It's not usually necessary to spend much time at the Grafton Centre end of Cambridge, but we lost ourselves in Hawkin's Bazaar for a good amount of time; me dropping almost everything I touched, mum making cringe-worthy jokes about her purchases to the shop assistant and dad trying his hardest to pretend he wasn't with us (not really, we're all as bad as each other)! Playtime over, we popped in and out of a few more shops via biscotti and olive tasting before making our way to the city centre.

One huge advantage Cambridge does have over Norwich is Fopp. Fopp! I love Fopp! In fact, I could spend a lifetime in Fopp. On this occasion I had a time restriction in the form of our lunchtime reservation, but I still managed to make three film purchases. A notorious film novice, I have recently been expanding my film horizons, and Fopp is a place I like to buy the ones that jump off the shelf at me (sometimes literally) because they're often only £3, so even if I discover they're not for me, I've not even spent the price of a cinema ticket! Elf, I'm sure will be watched within a matter of days, but I think I'll save the other two for more dedicated film-watching time.


Once upon a time there was a Christmas hat impaled on that chimney.



Lunch was at Pizza Express, in the most fancy Pizza Express I have ever set foot in! Set in the historic building of Pitt Club, this restaurant did not even have signage outside, so it was very quiet indeed. There was no piped music, the floors were carpeted and books and black and white photographs of club members lined the wooden panelled walls. We all said as we sat there that we could quite easily forget where we were (and on a side note, the Christmas menu looks amazing)!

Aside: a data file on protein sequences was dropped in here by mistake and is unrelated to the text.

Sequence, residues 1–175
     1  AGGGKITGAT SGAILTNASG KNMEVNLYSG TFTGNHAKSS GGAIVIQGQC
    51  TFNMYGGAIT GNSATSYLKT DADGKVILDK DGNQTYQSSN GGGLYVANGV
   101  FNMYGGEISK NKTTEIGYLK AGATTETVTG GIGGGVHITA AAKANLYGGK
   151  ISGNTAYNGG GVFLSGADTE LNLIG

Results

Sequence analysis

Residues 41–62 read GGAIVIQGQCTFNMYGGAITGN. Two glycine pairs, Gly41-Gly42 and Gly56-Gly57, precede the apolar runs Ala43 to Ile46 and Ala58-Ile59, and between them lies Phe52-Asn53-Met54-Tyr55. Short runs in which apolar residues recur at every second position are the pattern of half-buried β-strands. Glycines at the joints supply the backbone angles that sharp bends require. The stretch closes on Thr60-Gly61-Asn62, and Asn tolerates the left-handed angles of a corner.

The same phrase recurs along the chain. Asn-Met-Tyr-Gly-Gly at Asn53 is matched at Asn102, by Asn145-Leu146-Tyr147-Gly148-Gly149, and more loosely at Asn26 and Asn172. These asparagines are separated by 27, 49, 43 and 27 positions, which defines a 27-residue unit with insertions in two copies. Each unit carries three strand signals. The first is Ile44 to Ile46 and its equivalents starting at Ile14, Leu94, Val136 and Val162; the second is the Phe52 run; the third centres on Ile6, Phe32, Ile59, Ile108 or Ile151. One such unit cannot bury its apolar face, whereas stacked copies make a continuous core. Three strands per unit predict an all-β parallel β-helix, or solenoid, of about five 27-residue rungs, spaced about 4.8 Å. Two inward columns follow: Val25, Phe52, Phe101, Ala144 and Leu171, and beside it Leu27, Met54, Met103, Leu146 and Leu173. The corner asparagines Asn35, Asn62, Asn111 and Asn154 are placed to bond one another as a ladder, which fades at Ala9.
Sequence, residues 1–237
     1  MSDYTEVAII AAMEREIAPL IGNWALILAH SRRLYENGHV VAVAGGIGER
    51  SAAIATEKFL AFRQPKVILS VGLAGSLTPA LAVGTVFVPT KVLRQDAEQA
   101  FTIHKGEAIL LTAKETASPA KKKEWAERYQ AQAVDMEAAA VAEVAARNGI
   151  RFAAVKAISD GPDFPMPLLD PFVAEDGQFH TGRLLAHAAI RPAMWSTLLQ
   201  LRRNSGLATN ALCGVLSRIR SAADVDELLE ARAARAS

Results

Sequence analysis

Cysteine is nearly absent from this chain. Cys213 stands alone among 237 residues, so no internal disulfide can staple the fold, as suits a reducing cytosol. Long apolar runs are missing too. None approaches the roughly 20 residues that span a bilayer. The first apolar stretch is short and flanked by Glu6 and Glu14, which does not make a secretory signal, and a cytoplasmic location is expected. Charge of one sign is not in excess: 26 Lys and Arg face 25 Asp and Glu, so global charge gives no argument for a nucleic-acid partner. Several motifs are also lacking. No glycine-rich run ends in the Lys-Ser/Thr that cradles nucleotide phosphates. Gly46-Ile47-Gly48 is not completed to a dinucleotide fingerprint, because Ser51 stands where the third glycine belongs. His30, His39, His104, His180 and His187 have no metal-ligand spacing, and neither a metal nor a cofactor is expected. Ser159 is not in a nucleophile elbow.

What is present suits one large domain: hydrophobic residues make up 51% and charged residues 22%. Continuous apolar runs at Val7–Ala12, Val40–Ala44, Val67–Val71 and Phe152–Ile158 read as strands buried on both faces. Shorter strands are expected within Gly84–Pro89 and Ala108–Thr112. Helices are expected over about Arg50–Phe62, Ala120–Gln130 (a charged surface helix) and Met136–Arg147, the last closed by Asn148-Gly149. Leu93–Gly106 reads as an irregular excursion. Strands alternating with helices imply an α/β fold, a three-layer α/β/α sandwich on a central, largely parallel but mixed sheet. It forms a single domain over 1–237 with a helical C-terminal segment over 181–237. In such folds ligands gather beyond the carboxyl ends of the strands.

After lunch, we wandered along the most historic part of Cambridge, past the different college buildings which looked particularly glorious in the winter sun! Another point to Cambridge comes in the form of Heffer's bookshop, where mum and dad lost me in the children's section as I spent Christmas money on a plethora of picture books (perhaps for school, perhaps for my own reading pleasure).









We definitely picked the right end of the day to be in the area, as the setting sun behind the buildings made for a very beautiful skyline above the market. Before I knew it, it was time to head back. Of course we stopped for a final tea along the way, and to give me chance to sort my mass of shopping bags. Absolute saints that they are, my parents took most of my purchases home with them to avoid me having to take them on a million train journeys back and forth between Cambridge, London and Norfolk. So I left with two small bags; my DVDs, school milk bottles with paper straws for future cocktail drinking, my Moomin book and a Christmas present to pass along.






Despite knowing that I'll always see them again relatively soon, saying goodbye to my parents is always sad, and I don't know why but saying goodbye at train stations always seems that little bit more moving. Films have dictated that time will pass in slow motion, and tears will be shed (they weren't, but you get the scene I'm setting). A fond farewell said to Cambridge, mum and dad, I headed back to the Big Smoke for an evening in the cinema with my dear cousin; I just never stop!